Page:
Saturday, August 24, 2019

21st Sunday of Ordinary Time

Isaiah 66:18-21
Ps 117
Heb 12:5-7, 11-13
Luke 13:22-30

Today's readings are neither comforting nor consoling. They will not soothe fears. They will not erase doubt.  It is much more comforting to hear blessed are the poor or I am the Good Shepherd.  Those sentiments  will have to wait for another day.  If anything, the readings from Hebrews and Luke will increase frustration; they will  force us to ask questions:  Why bother? Where is God?  

Disturbing though they may be these readings are also important. They reflect a primary reality of human life.  They reflect the lives of believers as well as those deemed to be saints, a life following Jesus is neither easy nor smooth.  We must cope with doubt and uncertainty.  Each of us must recommit daily and then continue the journey. 

A recurring theme in the recent daily gospels has been that of exclusion.  The gospels from Monday through Thursday, included variations on the themes of, many are called and few are chosen, the last shall be first and the first last.  How many will arrive at the gate?  Who will get through?  Will I make the cut?  

The first reading from Isaiah proclaims that people from other nations who hear of the True God, the God of Abraham and Moses, the only True God, will come to Jerusalem from all over the world to worship and offer sacrifice. These particular passages come from the end of the last chapter of Isaiah.  The penultimate verse of this chapter, indeed the penultimate verse of the entire Book of Isaiah is:  “And Sabbath after Sabbath, all flesh shall come to worship before Me, says the Lord.” 

This is key:  Worship, prayer, thanksgiving, and  observing the Sabbath; ultimately, these are what will bring us through the narrow door. 

The reading from Hebrews emphasizes that the journey is neither easy nor guaranteed to be pleasant.  It is, in fact, a difficult journey, a journey of trial, a journey in which weakness is revealed.  It is the journey of life as we experience it.  It is a journey punctuated by struggle, doubt, and error.  It is a journey of being disciplined for that error. There is no promise--there has never been a promise--that following Jesus brings a life free of challenge,  a life without sorrow, a life absent suffering or darkness, or a life in which one never feels abandoned.   

Pie in the sky preaching borders is cruelly delusional.  Discipline is painful to receive.  Discipline is painful to administer.  It alienates the one who is disciplined from the one who disciplines and vice-versa.
It may take a long time before we can look the one who disciplined us in the eye without resentment, without feeling a sting or becoming defensive.   Not one of us enjoys being criticized.  No one enjoys being disciplined even when it is deserved.  However, Hebrews includes a promise of relief:  “At the time it is administered, all discipline seems a cause for grief and not for joy.  But later it brings forth the fruit of peace and justice to those who are trained in its school.”   

We recall discipline more acutely than we do praise.  We learn more from our mistakes than from our successes.  We grow more from adversity than we do in times of plenty and ease.  It is paradoxical that sometimes the farther we feel from God the closer we are to Him, the more distant Jesus seems the more likely He is walking next to us.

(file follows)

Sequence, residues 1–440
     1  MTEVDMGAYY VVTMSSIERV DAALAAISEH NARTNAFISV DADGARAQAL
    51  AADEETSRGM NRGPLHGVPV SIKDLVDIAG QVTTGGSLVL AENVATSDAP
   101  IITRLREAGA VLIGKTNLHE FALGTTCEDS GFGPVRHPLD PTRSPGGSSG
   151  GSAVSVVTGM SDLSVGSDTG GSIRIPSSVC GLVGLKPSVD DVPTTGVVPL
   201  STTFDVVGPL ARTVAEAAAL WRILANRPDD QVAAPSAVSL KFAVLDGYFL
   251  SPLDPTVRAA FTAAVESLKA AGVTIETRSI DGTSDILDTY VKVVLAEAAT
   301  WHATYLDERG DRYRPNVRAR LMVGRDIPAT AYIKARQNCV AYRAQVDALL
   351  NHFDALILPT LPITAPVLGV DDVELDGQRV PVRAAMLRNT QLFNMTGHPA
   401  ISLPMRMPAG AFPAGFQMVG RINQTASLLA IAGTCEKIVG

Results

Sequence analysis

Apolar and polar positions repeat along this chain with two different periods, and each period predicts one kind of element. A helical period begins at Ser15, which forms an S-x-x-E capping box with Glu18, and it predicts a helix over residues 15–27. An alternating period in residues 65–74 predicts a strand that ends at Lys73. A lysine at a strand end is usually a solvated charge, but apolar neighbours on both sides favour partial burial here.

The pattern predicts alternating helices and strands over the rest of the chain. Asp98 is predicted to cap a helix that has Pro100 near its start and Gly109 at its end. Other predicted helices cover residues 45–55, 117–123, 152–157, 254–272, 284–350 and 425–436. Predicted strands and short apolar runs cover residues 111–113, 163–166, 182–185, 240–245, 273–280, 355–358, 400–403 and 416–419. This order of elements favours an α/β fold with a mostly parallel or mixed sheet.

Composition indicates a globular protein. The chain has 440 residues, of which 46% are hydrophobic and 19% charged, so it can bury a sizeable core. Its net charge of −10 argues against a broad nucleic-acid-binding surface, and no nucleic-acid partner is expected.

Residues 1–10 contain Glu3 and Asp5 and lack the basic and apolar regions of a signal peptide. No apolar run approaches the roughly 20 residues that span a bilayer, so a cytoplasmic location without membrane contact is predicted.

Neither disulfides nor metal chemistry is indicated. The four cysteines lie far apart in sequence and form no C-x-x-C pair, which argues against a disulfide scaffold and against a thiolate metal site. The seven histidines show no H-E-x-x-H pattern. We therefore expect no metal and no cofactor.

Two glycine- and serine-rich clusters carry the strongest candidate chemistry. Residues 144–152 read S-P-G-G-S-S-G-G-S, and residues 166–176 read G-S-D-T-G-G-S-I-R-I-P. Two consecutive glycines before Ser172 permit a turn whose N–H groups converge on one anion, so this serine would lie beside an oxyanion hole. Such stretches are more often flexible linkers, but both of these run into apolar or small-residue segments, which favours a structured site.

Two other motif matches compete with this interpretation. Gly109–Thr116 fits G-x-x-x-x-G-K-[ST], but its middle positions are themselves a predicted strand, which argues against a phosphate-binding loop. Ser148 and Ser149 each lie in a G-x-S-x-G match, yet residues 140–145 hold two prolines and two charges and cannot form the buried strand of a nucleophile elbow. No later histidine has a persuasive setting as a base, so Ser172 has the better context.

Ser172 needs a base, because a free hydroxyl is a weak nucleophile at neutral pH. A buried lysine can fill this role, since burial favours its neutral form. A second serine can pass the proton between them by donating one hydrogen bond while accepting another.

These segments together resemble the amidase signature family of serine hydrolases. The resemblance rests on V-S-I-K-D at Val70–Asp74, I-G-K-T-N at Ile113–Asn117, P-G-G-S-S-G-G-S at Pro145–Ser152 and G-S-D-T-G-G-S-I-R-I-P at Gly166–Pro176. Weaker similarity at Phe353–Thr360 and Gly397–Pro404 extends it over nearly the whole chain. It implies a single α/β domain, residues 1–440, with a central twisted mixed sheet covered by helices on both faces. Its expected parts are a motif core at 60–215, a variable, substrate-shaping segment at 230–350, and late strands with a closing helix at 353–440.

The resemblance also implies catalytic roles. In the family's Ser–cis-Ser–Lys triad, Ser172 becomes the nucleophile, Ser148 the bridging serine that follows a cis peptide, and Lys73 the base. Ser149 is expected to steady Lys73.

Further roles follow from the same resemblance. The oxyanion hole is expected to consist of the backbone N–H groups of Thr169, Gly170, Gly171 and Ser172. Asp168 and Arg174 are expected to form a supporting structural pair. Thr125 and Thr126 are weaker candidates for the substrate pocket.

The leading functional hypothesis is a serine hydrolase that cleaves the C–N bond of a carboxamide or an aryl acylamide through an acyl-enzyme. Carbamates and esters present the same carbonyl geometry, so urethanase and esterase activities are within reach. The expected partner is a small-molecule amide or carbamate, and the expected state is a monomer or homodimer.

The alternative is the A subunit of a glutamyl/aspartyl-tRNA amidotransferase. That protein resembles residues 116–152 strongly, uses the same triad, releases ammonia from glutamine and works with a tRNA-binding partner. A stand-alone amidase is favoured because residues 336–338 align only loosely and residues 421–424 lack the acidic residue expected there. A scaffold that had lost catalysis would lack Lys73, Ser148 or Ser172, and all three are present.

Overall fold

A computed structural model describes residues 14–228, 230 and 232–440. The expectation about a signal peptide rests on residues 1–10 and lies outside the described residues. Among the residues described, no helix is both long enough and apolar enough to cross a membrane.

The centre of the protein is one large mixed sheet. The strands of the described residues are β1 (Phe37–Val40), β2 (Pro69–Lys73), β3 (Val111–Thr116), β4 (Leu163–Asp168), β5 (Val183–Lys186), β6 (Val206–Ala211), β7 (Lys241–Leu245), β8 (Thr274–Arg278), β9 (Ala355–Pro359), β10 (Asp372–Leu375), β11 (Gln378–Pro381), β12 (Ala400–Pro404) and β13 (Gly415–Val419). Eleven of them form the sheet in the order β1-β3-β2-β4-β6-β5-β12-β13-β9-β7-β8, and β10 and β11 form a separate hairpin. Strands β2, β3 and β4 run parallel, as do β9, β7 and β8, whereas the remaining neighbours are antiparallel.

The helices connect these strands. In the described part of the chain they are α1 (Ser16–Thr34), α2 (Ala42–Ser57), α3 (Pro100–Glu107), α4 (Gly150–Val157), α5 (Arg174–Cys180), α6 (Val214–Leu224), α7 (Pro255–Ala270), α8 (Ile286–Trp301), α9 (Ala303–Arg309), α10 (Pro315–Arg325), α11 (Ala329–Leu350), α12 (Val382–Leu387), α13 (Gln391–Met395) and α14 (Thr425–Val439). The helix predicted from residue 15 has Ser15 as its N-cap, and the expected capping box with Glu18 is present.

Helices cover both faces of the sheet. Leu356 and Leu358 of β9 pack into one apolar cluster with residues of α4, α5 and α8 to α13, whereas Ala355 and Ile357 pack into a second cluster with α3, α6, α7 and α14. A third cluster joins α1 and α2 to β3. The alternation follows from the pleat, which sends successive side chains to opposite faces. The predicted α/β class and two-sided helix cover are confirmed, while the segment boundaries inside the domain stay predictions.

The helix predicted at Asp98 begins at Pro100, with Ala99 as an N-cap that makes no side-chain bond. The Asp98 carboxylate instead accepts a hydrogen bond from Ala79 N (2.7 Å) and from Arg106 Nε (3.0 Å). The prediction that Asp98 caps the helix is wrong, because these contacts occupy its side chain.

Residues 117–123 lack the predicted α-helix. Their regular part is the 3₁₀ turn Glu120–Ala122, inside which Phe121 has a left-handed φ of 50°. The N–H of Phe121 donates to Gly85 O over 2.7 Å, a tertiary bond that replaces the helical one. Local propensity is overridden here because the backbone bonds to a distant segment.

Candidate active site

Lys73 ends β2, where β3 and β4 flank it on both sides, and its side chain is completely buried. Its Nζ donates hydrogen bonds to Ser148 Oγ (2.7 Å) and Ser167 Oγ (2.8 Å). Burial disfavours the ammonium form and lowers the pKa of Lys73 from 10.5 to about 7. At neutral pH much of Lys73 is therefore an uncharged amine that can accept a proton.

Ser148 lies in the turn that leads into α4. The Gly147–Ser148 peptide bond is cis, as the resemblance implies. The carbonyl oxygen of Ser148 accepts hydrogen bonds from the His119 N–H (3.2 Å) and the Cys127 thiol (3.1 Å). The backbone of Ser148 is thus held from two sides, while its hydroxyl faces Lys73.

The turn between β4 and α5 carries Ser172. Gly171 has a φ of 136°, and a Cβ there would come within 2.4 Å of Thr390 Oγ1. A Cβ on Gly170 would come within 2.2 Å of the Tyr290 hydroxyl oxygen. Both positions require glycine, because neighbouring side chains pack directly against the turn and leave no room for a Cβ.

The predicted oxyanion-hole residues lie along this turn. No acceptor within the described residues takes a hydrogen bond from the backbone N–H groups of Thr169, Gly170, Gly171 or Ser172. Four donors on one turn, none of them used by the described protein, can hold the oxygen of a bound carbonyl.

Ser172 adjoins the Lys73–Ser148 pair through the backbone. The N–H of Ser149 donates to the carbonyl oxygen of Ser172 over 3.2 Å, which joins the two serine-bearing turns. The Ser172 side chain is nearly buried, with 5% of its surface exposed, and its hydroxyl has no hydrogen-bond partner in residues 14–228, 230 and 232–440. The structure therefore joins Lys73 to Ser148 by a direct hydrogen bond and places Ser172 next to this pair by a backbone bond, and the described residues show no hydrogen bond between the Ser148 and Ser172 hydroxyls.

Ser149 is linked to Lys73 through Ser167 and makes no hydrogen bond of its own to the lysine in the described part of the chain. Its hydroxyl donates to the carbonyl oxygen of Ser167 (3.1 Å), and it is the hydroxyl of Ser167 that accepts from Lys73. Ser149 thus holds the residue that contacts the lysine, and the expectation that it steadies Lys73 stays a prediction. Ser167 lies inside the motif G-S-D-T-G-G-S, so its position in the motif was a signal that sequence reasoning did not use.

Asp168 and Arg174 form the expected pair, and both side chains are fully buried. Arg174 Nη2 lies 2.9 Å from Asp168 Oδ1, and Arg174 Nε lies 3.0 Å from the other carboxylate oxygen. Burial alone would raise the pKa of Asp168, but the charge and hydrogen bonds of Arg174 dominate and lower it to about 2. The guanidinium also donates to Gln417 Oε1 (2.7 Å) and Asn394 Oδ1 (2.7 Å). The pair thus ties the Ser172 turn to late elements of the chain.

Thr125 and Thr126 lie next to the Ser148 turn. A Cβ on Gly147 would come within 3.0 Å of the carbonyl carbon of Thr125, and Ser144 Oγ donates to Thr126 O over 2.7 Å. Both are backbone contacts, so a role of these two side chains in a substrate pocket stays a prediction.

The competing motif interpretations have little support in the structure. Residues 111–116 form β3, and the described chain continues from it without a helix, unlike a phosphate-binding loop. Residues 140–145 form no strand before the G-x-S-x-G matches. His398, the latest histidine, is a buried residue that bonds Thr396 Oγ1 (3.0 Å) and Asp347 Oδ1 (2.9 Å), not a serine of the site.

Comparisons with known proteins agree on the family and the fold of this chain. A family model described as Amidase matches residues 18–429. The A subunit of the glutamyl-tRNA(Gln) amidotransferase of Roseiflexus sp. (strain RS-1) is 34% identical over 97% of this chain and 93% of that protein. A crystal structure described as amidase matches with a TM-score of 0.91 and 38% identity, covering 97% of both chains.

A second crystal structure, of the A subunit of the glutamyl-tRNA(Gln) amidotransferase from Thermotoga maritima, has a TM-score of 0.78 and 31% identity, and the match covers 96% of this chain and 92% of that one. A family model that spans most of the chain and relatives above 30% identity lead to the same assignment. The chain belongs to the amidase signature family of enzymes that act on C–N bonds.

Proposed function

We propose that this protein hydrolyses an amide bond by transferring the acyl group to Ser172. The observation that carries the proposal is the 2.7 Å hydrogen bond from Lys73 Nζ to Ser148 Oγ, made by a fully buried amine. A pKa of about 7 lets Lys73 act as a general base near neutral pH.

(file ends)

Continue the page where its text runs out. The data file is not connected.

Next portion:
In the context of this week’s readings, the gospel is a further warning against spiritual elitism, a warning against sectarianism and self-importance. . .  a warning against assuming we are God’s chosen;  His favorites, while everyone else is second class.  We have all been guilty--and will be guilty--of saying or thinking something along the lines of, “What is someone like her doing here?”  Or, in a variation on Groucho's famous statement, “I wouldn’t want to belong to any club that lets him in.”  

Each one of us is the potential hearer of Jesus’ statement, “I tell you, I do not know where you come from.  Away from me, you evildoers!”  We are sinners.  We are sinners loved by God to be sure, but sinners nonetheless.  This is true even of those who are deemed living saints.

Think back to when excerpts of Mother Teresa’s letters were published, letters she wanted destroyed after her death.  Some of the commentary was the fruit of reflection. Some pushed a vicious anti-religious anti-Catholic agenda.  Some critique was absurdly psychoanalytic. or, worse yet, laden with hilariously pretentious and inaccurate new age psychobabble.  

It seems that, despite appearances to the contrary, she was a woman who struggled with doubt for decades,  a perceived saint whose prayer life was often arid.  It appears that much of Mother Teresa’s life was one of frequent wailing and grinding of teeth; of working with an underlying dissatisfaction.  For many of us her letters enhanced, rather than detracted from, her reputation for holiness because they demonstrated  that though she struggled with doubt she never rejected Jesus.  

Many have struggled with doubt, with dryness, with a sense of God that existed onlybecause of His perceived absence.  Recall that Psalm  22 includes Jesus’ last words:  “My God, my God, why have You forsaken me?”  

People will come from East and West, North and South, to take their place at the banquet of the Lord.  We are invited to that same banquet.  What matters more to each one of us?  That we are first, last, or somewhere in the middle; or is it more important that we partake of the banquet? 

The chapel in which I will give this homily at 8 AM Sunday (at this point in 9 hours).  It is the Jesuit community chapel in St. Mary's Hall, the Jesuit residence at BC.  No commute, just a short walk.  

+Fr. Jack, SJ, MD

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